The UK housing market is, as always, in a state of flux. On one hand, prices seem to be rising out of reach of all but Russian oligarchs, and of the other, there are signs that those same prices have stagnated, or my even be falling. Estate agents are worried by falling sales. London estate agent Foxtons issued another set of grim results recently, while estate agency group Countrywide slumped to a full year loss of over £200 million.
The market is confused by Brexit, anxious over high costs, and unstable because first time buyers are priced out of buying altogether.
But there may be some good news for anyone planning to buy a first home in the next few years, for the market in general and especially for home builders.
More homes for more people
The one thing that does seem certain is that with a growing population there is a pressing need for new homes. The government seems to be starting to do something about it.
In fact, the government has already made a commitment to building 300,000 homes a year by the mid 2020s. Half of them will be affordable starter homes to be sold at 20% below market value in the biggest housebuilding programme since the 1970s. It looks as though this might be more than manifesto optimism.
Last week Mrs May delivered a speech on housing, in which she spoke of the need to put homes in reach of all, and spoke of the removal of stamp duty for 80% of first time buyers, and of putting an extra £10 billion into help to buy.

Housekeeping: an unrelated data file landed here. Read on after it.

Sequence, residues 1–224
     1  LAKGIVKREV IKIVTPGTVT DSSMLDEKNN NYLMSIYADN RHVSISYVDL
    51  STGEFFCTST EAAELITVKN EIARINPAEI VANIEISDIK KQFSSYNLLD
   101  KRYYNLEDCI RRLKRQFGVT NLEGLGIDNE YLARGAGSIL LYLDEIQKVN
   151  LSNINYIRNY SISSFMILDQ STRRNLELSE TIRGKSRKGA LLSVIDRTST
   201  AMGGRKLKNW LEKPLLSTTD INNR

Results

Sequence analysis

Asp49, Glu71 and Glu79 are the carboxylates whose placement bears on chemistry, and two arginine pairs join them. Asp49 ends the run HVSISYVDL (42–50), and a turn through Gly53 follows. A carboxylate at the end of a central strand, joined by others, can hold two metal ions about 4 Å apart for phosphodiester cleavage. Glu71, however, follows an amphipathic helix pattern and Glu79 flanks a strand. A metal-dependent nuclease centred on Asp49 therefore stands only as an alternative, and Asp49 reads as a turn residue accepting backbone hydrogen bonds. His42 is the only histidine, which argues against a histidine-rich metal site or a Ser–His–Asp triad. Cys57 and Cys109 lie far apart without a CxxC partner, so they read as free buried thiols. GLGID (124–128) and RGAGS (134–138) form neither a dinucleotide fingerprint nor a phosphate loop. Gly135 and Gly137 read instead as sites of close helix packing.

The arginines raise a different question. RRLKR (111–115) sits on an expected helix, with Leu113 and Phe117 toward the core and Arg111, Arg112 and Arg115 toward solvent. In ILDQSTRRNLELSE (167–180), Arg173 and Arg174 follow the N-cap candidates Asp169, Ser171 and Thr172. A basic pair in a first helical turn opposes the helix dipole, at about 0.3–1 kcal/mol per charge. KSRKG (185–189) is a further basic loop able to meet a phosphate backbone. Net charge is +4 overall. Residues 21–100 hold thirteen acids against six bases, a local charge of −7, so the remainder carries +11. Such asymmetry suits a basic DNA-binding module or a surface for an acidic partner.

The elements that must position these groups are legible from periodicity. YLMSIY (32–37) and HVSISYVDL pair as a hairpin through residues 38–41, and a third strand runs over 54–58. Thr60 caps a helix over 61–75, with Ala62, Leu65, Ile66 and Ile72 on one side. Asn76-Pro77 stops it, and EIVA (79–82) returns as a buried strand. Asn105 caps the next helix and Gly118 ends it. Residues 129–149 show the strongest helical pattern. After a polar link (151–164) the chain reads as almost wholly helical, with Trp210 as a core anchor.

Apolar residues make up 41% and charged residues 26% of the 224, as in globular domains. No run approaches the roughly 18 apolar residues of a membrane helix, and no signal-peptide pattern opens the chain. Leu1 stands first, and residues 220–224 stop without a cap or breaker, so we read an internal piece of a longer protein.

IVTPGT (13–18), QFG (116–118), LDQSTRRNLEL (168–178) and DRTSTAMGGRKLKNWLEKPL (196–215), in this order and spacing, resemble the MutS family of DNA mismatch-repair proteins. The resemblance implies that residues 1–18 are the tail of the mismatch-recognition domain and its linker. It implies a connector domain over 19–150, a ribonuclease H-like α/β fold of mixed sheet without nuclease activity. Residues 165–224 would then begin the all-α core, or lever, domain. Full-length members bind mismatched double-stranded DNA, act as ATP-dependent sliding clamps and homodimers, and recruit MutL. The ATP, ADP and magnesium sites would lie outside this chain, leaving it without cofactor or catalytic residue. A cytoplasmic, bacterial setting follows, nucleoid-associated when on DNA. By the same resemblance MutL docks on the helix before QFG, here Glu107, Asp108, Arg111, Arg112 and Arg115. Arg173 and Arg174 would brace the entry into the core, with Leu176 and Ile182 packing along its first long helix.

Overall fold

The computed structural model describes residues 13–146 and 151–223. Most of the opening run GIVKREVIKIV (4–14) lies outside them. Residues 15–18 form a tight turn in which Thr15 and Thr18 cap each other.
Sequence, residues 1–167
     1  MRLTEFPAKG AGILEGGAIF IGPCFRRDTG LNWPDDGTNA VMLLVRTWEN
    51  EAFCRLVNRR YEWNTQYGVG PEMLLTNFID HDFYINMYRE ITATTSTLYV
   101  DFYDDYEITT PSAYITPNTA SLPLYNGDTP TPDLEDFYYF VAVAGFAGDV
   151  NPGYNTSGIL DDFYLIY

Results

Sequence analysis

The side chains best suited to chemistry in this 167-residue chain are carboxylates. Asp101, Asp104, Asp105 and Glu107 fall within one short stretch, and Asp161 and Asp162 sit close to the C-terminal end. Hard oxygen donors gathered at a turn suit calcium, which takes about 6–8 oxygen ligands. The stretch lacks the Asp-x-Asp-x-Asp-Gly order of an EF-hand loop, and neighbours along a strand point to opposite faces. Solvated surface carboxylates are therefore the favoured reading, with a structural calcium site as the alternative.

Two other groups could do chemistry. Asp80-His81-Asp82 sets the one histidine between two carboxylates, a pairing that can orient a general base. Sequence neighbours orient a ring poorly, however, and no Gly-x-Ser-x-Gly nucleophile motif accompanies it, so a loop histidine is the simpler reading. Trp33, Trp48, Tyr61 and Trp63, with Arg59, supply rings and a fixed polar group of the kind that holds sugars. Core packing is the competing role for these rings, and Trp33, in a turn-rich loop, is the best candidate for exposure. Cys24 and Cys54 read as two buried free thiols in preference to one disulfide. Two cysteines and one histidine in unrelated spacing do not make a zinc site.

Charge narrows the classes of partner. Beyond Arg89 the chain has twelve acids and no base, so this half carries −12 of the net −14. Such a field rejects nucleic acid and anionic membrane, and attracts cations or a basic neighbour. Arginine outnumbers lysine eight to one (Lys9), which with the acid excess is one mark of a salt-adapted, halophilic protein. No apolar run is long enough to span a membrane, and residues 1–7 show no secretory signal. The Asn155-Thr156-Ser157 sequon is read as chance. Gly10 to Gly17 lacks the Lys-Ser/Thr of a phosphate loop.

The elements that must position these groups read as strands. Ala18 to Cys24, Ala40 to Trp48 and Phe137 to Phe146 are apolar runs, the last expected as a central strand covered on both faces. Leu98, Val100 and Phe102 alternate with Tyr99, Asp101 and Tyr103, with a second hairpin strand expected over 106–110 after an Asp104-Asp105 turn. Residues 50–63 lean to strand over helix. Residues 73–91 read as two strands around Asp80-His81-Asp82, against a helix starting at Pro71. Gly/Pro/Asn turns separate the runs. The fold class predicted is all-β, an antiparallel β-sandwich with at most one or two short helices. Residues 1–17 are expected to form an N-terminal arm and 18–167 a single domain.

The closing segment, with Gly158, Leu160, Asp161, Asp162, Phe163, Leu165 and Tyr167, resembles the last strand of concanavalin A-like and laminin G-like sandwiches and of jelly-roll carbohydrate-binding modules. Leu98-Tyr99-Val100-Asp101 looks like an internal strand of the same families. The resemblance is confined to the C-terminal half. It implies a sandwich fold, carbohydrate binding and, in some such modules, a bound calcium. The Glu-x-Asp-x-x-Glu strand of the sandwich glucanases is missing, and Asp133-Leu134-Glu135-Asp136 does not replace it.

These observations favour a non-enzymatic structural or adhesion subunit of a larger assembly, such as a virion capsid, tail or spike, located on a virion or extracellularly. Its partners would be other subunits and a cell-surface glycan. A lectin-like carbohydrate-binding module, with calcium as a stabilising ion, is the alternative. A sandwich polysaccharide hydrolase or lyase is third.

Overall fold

But she stated that actually building more homes was the greatest priority of all, and pledged to cut red tape, simplify the planning process – and provide the infrastructure that would make it possible to build more homes.
Cash as well as words
It looks as though this is more than simply a politician’s promise. £866 million investment in local housing projects has already been approved. Housing Secretary Sajid Javid and Chancellor Philip Hammond announced in February that 133 local authority projects across the country will receive funding to support local work that will get housing developments built more quickly.
This cash will go to fund key local infrastructure projects including new roads, flood defences and land remediation, ahead of building the homes themselves.
The initiative has come at the right time for the UK’s construction sector, which has been in the doldrums for years. It is beginning to show signs of life as commercial building work and residential construction are starting to pick up. A total of 160,606 new homes were registered during 2017, up 6% on the previous year and the highest since pre-economic downturn levels, according to the National House Building Council (NHBC), whose figures represent homes set to be built.
It was the highest annual figure for the NHBC since 198,929 homes were registered in 2007.
What will this mean for your financial plans?
More, and more affordable, homes are actually very good news for almost everyone. The benefits of those ready to buy a first home are obvious. Those already on the ladder will find it easier to climb higher. Prices may become more stable for all.
If your financial plans include investing in companies as well as in bricks and mortar it might make shares in housebuilders look rather more attractive again.
Naturally as with any investment, getting expert help and advice is essential, and at Continuum we would be happy to provide it.
Your home may be at risk if you do not keep up repayments on a mortgage or other loan secured on it.
thisismoney.co.uk – Nation’s biggest estate agent Countrywide sees a fifth wiped off its value as profits are crushed by struggling property market – 08/03/18
markiteeconomics.com – PMI data
nbcnewhomes.co.uk – UK new home registrations up 6% in 2017 – 26/01/18